This may be my longest blog yet:
I have been feverishly cleaning out my basement in
preparation for a garage sale. Last night I came across a myriad of memorabilia,
including tons of old photographs. One stack of photos I found is from about
five years ago and the subject is the junkyard in the woods behind my
grandparents’ house. (It is not so much a junkyard as a ravine behind about a
dozen houses where people dumped their unwanted crap over the years). Until I
found the photos, I had forgotten all about the spontaneous afternoon we spent
exploring and documenting the untamed playground of my childhood.
One afternoon in the very early spring, my longtime friend and roommate at the time, Mary, and I decided to go for a hike in the woods with our cameras. All I had was a throw-away Kodak, which ended up taking decent pictures for a disposable camera. We mostly took pictures of the deteriorating old cars that people used to push down into the creek bed when they were beyond repair. My grandparents were not above this crime of littering; if I have the story right, the old green Studebaker truck was theirs until they rolled it over the hill.
A little background: I lived in my grandparents’ basement apartment for about two years before I got married, but I really grew up traipsing through those woods on a regular basis. My best friend Shandi lived in a little neighborhood about a three minute walk away, and together she, my sister Amanda, and I would spend hours exploring the woods. Sometimes we would get lost and have to follow the creek until we found our way home. By then, our scrawny little legs would be scratched and bleeding from briars and our arms covered in mosquito bites, but we would be happy just to be in familiar territory again, close enough to hear the clang of my Grandma’s cast iron dinner bell clanging in the distance.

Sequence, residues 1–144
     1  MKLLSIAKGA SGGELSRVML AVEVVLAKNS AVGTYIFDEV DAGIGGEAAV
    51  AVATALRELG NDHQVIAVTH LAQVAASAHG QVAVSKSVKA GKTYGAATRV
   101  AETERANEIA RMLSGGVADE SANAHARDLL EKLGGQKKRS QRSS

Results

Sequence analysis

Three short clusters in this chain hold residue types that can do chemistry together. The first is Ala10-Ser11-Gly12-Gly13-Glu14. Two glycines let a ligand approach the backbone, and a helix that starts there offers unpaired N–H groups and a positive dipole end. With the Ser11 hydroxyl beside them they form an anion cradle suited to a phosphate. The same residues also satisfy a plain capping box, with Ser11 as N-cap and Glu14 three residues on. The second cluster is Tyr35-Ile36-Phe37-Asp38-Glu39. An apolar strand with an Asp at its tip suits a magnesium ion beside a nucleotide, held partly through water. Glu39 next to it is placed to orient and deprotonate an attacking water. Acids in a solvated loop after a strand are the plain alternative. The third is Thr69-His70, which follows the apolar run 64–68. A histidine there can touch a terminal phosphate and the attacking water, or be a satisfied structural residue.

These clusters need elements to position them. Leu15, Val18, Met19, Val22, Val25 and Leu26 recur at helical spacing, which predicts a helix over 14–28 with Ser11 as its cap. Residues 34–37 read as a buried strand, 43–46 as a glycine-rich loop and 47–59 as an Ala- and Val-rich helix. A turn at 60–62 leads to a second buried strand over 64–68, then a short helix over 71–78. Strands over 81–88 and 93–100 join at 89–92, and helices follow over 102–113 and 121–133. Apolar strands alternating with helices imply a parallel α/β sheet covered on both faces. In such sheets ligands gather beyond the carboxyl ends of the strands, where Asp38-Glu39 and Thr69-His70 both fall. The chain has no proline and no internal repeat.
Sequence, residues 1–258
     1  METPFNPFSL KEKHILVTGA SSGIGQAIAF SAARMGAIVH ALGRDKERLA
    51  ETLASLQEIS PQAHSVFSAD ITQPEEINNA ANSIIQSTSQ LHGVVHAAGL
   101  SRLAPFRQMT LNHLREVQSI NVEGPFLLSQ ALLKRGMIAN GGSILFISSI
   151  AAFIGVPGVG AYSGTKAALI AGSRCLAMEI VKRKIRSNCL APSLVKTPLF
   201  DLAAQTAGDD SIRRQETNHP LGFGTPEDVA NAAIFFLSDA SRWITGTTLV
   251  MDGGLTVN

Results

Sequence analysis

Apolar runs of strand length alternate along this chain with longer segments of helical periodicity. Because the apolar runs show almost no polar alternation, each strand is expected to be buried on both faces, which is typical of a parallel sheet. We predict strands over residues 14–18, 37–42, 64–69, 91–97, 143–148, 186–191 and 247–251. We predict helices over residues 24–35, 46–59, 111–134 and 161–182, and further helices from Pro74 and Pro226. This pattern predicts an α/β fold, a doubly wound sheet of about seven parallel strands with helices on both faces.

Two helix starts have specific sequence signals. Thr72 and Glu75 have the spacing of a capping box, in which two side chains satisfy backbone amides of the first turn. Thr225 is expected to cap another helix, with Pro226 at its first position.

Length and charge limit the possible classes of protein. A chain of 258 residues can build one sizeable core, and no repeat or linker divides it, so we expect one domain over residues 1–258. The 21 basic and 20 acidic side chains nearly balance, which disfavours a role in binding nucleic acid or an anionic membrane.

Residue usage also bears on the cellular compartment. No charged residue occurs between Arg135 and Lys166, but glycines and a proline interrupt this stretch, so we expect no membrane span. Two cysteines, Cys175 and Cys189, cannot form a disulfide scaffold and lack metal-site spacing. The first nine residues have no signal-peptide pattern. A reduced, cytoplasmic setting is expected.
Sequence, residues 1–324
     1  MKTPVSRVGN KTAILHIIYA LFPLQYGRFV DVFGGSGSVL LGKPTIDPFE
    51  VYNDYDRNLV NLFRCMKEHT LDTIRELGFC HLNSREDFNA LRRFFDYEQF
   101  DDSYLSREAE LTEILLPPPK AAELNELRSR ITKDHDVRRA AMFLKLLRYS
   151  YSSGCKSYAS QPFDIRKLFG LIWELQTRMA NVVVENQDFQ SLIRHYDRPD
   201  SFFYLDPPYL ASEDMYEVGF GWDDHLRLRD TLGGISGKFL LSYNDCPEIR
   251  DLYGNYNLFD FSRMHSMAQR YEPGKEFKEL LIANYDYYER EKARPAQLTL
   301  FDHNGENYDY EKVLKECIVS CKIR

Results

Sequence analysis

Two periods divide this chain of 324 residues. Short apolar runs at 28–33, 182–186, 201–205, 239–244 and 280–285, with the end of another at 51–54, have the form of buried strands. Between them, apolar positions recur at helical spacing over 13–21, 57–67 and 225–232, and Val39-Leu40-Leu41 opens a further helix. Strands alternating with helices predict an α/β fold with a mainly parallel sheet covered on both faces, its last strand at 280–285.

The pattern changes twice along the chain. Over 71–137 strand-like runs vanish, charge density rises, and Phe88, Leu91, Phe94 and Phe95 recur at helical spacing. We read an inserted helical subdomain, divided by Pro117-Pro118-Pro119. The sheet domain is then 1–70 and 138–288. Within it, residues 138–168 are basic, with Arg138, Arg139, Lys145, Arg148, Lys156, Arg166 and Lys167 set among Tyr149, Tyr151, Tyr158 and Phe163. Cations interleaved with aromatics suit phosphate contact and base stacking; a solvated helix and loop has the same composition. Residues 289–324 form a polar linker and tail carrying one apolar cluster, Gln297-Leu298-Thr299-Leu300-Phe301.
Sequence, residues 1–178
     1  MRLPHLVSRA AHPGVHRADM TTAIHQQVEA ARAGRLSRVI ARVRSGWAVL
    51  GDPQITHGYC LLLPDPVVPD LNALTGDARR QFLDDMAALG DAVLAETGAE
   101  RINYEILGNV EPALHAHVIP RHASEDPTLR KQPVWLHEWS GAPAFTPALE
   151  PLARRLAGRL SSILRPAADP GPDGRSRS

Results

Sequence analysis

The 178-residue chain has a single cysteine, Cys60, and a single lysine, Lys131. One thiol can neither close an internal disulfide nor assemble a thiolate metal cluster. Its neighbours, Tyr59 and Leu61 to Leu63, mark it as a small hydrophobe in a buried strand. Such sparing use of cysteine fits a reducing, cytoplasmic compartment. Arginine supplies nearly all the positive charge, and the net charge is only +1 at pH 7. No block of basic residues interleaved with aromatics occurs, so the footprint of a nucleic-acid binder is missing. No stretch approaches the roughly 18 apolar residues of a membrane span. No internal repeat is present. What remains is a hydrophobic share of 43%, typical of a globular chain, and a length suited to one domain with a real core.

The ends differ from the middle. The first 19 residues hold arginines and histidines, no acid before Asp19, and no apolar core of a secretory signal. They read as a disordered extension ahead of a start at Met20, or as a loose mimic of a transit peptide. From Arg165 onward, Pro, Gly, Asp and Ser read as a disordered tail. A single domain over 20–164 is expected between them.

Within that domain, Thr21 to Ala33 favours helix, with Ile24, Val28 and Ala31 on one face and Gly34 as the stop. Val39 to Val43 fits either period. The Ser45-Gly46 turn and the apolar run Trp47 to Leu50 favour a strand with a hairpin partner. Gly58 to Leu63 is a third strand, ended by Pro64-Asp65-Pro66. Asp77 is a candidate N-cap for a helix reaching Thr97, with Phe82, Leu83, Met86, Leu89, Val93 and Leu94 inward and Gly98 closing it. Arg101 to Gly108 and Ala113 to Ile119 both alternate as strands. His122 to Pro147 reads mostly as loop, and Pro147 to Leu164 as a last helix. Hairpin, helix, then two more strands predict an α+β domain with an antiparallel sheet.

The woods behind my grandparents’ house were and are a juxtaposition of beauty and garbage. Not all of the forest was a junkyard; if you walked far enough you wandered into areas of untouched loveliness-delicate wildflower covering the hillside like a lush carpet of white and fuzzy green moss growing on stones in the small, trickling creek. I am not sure if it was the beauty of the outdoors or the sense of freedom I experienced by being allowed to meander for hours on my own, but the forest was something magical to me. I would wander around and lose myself in my own imagination, inventing little worlds and kingdoms that existed only to me.
Even as a kid, the junkyard condition of the woods both fascinated me and sickened me. I knew the woods had lost much of their beauty and natural wildlife over the decades because my mom would tell me tales of a noisy rushing creek that teemed with minnows and frogs, unlike the little trickle of today that sometimes forms puddles inhabited by the occasional crawfish. She told me she once saw a mama quail followed by her tiny babies. My grandparents had a small orchard business for a while and the hill on the opposite side of the ravine was covered in apple trees.
Because of all the stories my mother told me of her childhood in the woods, I would sometimes imagine the ghost of my mother as a little girl trailing behind me, a friendly companion from another era. Even then, I was nostalgic for a time I had never lived in. I would often uncover old glass soda bottles with names now unknown to my generation, lovely glass medicine bottles so unlike the amber-colored plastic of today.
I always preferred to imagine the woods they way they were before I was born. To this day, I still have dreams centered around those woods. They were a huge part of my childhood and will forever remain a part of some of my happiest memories.